In the construction of dropstitch inflatable SUPs, the outer skin is made of reinforced and coated PVC. It can be a double layer, which will give a lot of strength but also greater weight.


Practice of surfing the swell at sea with the wind at your back from point A to point B. Downwind stand-up paddle boards look like racing boards but with a more pronounced rocker to ride down the swell without nosediving.


This is the material used on inflatable SUPs. Two layers of PVC are connected by thousands of nylon threads. As the board is inflated to high pressure, these threads are stretched and prevent the top (deck) and bottom (hull) of the board from deforming. This material makes inflatable SUPs extremely rigid but easy to store in a large backpack once deflated.



Epoxy resin is used in the construction of surfboards and SUPs combined with a polystyrene foam blank. It protects the foam from the water and provides three-dimensional rigidity.



This is THE standard for surfboard fins (also called skegs), also found on rigid SUP surfboards. You need an FCS (Allen) key to attach and remove the fins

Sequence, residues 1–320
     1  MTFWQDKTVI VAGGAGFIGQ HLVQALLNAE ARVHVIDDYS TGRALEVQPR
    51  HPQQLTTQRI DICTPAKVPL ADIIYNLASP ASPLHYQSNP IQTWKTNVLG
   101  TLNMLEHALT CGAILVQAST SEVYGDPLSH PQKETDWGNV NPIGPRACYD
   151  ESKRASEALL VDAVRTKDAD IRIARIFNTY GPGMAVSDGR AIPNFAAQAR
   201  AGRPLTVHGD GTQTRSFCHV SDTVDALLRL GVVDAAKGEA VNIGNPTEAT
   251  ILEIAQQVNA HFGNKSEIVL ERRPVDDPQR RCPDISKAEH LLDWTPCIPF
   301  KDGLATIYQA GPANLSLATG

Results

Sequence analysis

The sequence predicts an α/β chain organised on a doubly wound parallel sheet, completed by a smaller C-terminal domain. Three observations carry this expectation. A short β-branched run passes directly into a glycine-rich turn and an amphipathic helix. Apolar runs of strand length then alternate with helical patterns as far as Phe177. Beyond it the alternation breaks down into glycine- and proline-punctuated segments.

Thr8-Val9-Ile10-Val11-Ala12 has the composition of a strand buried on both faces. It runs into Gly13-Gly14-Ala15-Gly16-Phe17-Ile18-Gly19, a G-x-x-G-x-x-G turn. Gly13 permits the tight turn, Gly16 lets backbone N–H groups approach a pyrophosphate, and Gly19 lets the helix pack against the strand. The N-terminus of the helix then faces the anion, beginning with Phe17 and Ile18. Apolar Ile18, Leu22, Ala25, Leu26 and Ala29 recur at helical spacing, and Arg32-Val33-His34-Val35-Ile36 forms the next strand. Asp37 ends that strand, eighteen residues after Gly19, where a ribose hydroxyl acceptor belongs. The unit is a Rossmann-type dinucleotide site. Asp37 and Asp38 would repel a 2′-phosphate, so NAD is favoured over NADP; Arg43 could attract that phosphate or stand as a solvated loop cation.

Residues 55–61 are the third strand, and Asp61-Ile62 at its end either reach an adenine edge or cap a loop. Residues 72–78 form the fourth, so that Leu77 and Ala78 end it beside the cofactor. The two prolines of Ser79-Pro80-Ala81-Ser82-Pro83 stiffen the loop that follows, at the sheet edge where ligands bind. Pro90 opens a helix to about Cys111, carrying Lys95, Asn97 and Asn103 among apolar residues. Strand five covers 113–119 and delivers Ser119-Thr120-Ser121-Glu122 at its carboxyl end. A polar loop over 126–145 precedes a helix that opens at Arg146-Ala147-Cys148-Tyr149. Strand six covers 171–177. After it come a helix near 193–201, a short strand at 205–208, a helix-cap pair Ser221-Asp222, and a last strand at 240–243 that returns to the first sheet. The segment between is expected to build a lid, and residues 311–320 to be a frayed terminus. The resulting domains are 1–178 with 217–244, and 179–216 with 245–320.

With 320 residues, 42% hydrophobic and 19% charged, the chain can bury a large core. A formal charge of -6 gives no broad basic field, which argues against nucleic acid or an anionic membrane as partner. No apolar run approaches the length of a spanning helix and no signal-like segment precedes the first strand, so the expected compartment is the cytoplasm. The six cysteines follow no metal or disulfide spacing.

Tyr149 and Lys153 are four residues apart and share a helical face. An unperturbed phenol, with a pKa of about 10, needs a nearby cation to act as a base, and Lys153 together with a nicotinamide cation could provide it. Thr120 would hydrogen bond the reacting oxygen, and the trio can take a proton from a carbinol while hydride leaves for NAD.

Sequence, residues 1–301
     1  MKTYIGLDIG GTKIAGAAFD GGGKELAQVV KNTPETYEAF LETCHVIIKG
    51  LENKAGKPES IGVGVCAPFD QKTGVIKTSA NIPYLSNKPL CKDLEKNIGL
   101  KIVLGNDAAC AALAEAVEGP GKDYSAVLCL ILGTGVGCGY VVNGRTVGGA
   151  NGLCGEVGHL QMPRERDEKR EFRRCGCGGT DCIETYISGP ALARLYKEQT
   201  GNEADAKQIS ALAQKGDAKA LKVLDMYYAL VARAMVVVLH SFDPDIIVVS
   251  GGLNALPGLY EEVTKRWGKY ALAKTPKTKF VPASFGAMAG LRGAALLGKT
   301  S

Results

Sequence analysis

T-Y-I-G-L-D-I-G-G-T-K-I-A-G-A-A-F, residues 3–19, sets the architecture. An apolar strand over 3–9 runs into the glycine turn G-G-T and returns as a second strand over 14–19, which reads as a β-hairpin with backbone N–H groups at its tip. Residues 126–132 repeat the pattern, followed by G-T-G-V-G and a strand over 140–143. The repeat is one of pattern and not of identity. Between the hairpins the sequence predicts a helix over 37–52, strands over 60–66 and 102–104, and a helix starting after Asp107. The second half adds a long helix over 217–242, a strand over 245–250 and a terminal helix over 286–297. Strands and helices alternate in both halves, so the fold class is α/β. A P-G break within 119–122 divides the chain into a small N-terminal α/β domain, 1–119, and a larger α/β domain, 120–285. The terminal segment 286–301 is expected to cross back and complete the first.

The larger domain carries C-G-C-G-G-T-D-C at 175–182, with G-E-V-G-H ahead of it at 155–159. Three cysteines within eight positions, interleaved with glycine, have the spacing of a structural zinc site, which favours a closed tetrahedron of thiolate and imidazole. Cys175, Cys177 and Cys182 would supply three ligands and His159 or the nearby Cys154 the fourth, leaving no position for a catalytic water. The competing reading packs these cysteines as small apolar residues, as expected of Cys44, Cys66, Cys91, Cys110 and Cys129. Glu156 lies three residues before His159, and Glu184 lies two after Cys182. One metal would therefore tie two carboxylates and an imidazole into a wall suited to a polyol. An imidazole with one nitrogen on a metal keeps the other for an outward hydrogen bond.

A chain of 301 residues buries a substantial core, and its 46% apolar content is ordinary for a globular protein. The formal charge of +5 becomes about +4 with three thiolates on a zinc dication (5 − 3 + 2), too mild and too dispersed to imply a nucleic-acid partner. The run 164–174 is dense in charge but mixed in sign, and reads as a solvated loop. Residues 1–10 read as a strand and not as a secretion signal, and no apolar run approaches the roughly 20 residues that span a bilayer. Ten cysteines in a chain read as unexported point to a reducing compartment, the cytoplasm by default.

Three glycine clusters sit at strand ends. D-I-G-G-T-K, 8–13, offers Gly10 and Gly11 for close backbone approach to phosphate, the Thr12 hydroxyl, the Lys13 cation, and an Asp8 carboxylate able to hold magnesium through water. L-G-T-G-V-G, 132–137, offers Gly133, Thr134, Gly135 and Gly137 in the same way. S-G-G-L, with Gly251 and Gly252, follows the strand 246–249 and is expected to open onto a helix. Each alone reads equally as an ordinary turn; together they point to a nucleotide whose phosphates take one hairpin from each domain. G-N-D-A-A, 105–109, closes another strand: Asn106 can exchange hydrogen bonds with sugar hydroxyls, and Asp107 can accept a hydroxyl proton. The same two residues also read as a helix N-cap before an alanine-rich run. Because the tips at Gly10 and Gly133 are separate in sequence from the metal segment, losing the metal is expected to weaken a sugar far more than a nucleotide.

Just like on a surfboard, sometimes called skeg. It is located under the board at the back and keeps the board straight as you paddle. The fins of inflatable occasional touring boards slide easily into a rail.
You can also get "US Box" standard fins with a rail that you slot the fin into and a screw with a square metal plate to lock it in the rail. In this case, the position of the fin in the rail can be adjusted over a few centimetres. At the front, it gives better handling and at the rear, stability.
SUP surfboard fins generally use the FCS standard, which uses a small Allen key to tighten the screws that hold the fin in the right box.